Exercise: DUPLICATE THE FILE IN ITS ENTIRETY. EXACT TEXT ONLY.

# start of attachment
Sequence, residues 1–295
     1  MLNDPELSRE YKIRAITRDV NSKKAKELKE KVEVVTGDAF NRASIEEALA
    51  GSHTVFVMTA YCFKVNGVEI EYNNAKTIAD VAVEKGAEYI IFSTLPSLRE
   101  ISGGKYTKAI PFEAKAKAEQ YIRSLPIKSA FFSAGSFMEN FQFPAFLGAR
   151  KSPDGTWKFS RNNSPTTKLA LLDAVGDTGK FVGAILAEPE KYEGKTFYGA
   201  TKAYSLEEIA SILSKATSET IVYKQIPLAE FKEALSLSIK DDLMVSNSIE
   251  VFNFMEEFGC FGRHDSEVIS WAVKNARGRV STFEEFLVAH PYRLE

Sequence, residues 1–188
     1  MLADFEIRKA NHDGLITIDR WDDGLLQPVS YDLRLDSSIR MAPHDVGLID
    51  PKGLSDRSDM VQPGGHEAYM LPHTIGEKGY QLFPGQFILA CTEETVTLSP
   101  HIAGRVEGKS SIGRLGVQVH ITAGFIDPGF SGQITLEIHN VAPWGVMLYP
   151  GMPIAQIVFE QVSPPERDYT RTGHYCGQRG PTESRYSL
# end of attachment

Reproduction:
Sequence, residues 1–295
     1  MLNDPELSRE YKIRAITRDV NSKKAKELKE KVEVVTGDAF NRASIEEALA
    51  GSHTVFVMTA YCFKVNGVEI EYNNAKTIAD VAVEKGAEYI IFSTLPSLRE
   101  ISGGKYTKAI PFEAKAKAEQ YIRSLPIKSA FFSAGSFMEN FQFPAFLGAR
   151  KSPDGTWKFS RNNSPTTKLA LLDAVGDTGK FVGAILAEPE KYEGKTFYGA
   201  TKAYSLEEIA SILSKATSET IVYKQIPLAE FKEALSLSIK DDLMVSNSIE
   251  VFNFMEEFGC FGRHDSEVIS WAVKNARGRV STFEEFLVAH PYRLE

Sequence, residues 1–188
     1  MLADFEIRKA NHDGLITIDR WDDGLLQPVS YDLRLDSSIR MAPHDVGLID
    51  PKGLSDRSDM VQPGGHEAYM LPHTIGEKGY QLFPGQFILA CTEETVTLSP
   101  HIAGRVEGKS SIGRLGVQVH ITAGFIDPGF SGQITLEIHN VAPWGVMLYP
   151  GMPIAQIVFE QVSPPERDYT RTGHYCGQRG PTESRYSL